In the case of the first planar motor device of the present invention, to generate an efficient magnetic flux, that is to generate a magnetic circuit with a high magnetic density, a magnetic circuit which reluctance is low is structured. This is structured, by arranging the thrust generating magnets in a magnetic pole unit in the shape of a matrix, so that the polarities of adjacent magnet pole surfaces alternately differs from each other. And, in the armature coil unit, the armature coils are arranged in the shape of a matrix, and the amount and direction of the Lorentz force generated in the armature coils are changed by changing the amount and direction of the current being supplied to the armature coils. Accordingly, there are no exclusive driving direction of the respective thrust generating magnets arranged in the magnetic pole unit, and the respective armature coils arranged in the armature unit. Consequently, when the magnetic pole unit an d the armature unit relatively move in a desired direction, every thrust generating magnets and armature coils opposing these magnets can be used for moving them in the desired driving direction. This allows motor driving by a high thrust.

With the first planar motor device of the present invention, the matrix-shaped arrangement period of the thrust generating magnets of the magnetic pole unit is determined at a value that is an integral multiple of the arrangement period of the armature coils of the armature unit. Therefore, when the arrangement direction of the thrust generating magnets is parallel to that of the armature coils, the positional relationship between a thrust generating magnet and an armature coil opposing this magnet is similar to that of another thrust generating magnet and an armature coil opposing this magnet. Accordingly, when the magnetic pole unit and the armature unit are relatively moved to perform a translation in a desired direction, the direction of electric current supplied to the armature coil depends on the polarity of the magnetic pole surface opposing the armature unit. Basically, however, when an electric current is supplied to an armature coil opposing a thrust generating magnet to generate a thrust in the desired driving direction, the driving unit can similarly supply current other armature coils opposing the thrust generating magnets, which simplifies the control of motor driving.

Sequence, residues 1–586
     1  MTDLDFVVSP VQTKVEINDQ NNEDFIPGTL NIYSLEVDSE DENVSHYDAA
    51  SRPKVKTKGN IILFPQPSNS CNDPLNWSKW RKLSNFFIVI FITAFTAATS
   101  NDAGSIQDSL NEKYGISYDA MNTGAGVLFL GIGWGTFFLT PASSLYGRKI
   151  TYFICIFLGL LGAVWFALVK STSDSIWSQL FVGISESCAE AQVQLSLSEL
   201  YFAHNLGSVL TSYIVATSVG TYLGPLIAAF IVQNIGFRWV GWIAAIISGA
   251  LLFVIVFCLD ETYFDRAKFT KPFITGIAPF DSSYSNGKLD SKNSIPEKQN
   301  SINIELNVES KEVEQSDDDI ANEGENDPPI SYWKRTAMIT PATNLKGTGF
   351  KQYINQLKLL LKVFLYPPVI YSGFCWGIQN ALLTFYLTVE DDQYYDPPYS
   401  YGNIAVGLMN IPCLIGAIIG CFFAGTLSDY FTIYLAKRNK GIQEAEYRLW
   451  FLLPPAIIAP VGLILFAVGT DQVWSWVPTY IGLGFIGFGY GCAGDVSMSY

Also, with the first planar motor device of the present invention, the side length of the magnetic pole surface of the thrust generating magnet is determined at a value longer than the arrangement period of the armature coils. It is also a value that is not equal to the integral multiple of the arrangement period of the armature coils. Accordingly, the positional relationship between the thrust generating magnet and the armature coil in which the thrust becomes zero in regardless of the current supplied to the armature coil does not exist. The thrust becomes zero, when the side length of the magnetic pole surface of the thrust generating magnet is an integral multiple of the arrangement period of the armature coils.

Therefore, according to the first planar motor device of the present invention, by utilizing the merits of the Lorentz force driving method that excels in controllability, thrust linearity, and positioning ability, a stable and high powered thrust can be generated by a simple control of the current supplied.